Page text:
At some point most of us have faced the dreaded career question from others: “What do you want to study in university?”, “What do you want to be when you grow up?”, “What do you want to do with your life?” and among other questions along those lines. Through my experience, I found that many have no idea what to say, make up something on the spot to “sound smart”, or have some vague idea that isn’t really attainable to them (in their opinion).
In seeking help from schools and/or career counselors, they offer only lists of all the job possibilities based on fields of study – making the task of finding an answer even more daunting. There are a lot of fields out there! Do they really expect people to understand each and every field enough that they can make their life decisions on it? It’s challenging, I know, I’ve been there at one point myself. There are tools, quizzes, and all sorts of stuff online that say they can help but realistically a computer can never understand the real you. Hell, I had a computer program (which I was told was ‘professional software’) tell me I’d be a great Funeral Home Director… NO THANKS! I highly respect what they do, but that’s not for me.
So what did I do? I took a look at a few things about myself, for to find out what you want to do for your career (and with your life), it all starts with self exploration:
There are a lot of things we can do in our life, however as humans we naturally gravitate to the things we enjoy. After all, our brains are built to pursue pleasure and happiness, aren’t they? I enjoyed drawing. But that in itself is not enough to get a well-paid job in today’s technology filled world, so that meant I needed more. Something else that can go with it, that brings us to…
These are not the same as your passions (not always, but sometimes it is!). Sure, you may really enjoy something a lot – but that doesn’t mean you’re talented or good at it. I’m sure you don’t want to be one of those people who love something, show it to the world, and the world stares at you with wide eyes thinking, “OMG, this is terrible, how do I tell them without hurting their feelings?”. Take some time to explore the differences between the two – your passions and your skills – and ensure you fully understand which are your passions and which are your skills.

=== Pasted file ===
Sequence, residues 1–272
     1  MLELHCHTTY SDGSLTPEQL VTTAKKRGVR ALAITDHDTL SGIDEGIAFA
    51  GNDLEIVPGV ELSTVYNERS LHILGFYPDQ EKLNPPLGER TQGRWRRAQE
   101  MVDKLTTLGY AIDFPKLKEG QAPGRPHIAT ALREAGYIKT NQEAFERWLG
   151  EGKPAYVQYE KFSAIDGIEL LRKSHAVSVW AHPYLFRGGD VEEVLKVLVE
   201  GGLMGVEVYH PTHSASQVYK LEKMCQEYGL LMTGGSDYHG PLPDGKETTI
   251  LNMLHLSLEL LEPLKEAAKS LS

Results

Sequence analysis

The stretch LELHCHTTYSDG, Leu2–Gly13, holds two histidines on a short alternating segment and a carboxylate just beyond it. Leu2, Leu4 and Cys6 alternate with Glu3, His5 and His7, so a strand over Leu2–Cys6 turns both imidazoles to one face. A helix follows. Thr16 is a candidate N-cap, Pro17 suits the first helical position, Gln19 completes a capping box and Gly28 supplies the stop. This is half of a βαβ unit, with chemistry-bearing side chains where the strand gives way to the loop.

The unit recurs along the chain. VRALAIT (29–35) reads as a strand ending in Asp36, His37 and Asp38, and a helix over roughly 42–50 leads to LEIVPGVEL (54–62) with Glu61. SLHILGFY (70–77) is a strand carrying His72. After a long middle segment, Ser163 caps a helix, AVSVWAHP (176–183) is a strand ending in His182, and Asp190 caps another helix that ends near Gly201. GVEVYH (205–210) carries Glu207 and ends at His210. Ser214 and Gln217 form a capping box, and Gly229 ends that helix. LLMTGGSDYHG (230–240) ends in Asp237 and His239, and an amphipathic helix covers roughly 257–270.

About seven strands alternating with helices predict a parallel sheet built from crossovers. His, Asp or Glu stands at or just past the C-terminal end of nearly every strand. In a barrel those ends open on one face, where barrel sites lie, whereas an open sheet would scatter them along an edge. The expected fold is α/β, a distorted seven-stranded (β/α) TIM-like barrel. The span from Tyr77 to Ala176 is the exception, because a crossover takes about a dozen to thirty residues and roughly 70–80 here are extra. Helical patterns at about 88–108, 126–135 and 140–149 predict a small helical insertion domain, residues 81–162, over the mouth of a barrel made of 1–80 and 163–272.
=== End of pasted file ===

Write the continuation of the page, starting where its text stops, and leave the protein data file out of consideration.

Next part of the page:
Don’t let this stop you from doing what you want to do with your life. Remember, you’ll spend countless hours at your job so it’s important that you can find some pleasure in it, but be realistic. For example, I had aspirations to become an actor. At the same time however, I wanted to continue to enjoy the lifestyle my parents brought me up in and remain in Canada. This means I needed money – not just to maintain my lifestyle and raise a family in the future, but so that I could pursue acting. I live in Ontario, Canada and if you’re familiar with this area you’d know that, as an actor, the chances that I’d be able to make a steady income (to maintain a ‘comfy’ lifestyle and allow me to raise a family) are slim to none. Thus, as disappointing as it was, I had to kick ‘acting’ off my list of potential careers because I valued having a family and my lifestyle more. This was a hard choice, but it was one that I had to make due to the job market in the area I wanted to live.
This may sound weird, but remember those stereotypes you learned about in elementary school or even in high school? About the type of person a doctor is, a farmer, or professor? There is a reason stereotypes exist and it affects who you are as a person. When deciding what you career you want, consider how it will affect you personally, on an emotional, mental, and physical level. Is it important to do to be fit? To be smart? To be healthy and popular? I chose to be an artist & designer because I wanted people to see me as that kind of person – for both good and bad of that stereotype. It makes me feel proud to be who I am. What you do should make you feel proud, regardless of what others may think of you.
In reading a recent post by Kevin O’leary, I thought it would be worth reiterating his wisdom. In summary, what you want to be is NOT the same as what you want to do for a living. Take sometime to think about this and even check out his post to learn more. In most cases, you’ll want what you do to support who you want to be.
Although my career experience was paved by some luck, it also had to do with how well I knew myself, how thorough I was in understanding the direction I was headed, and what my goals were. Based on the five concepts above, I purposefully put myself in situations that allowed for opportunities (that I was looking for) to show up – it allows you to ‘be in the right place at the right time’. Your goals can change at any point, but it’s important we make them. They provide direction in our career, life, who we are, and who we will become.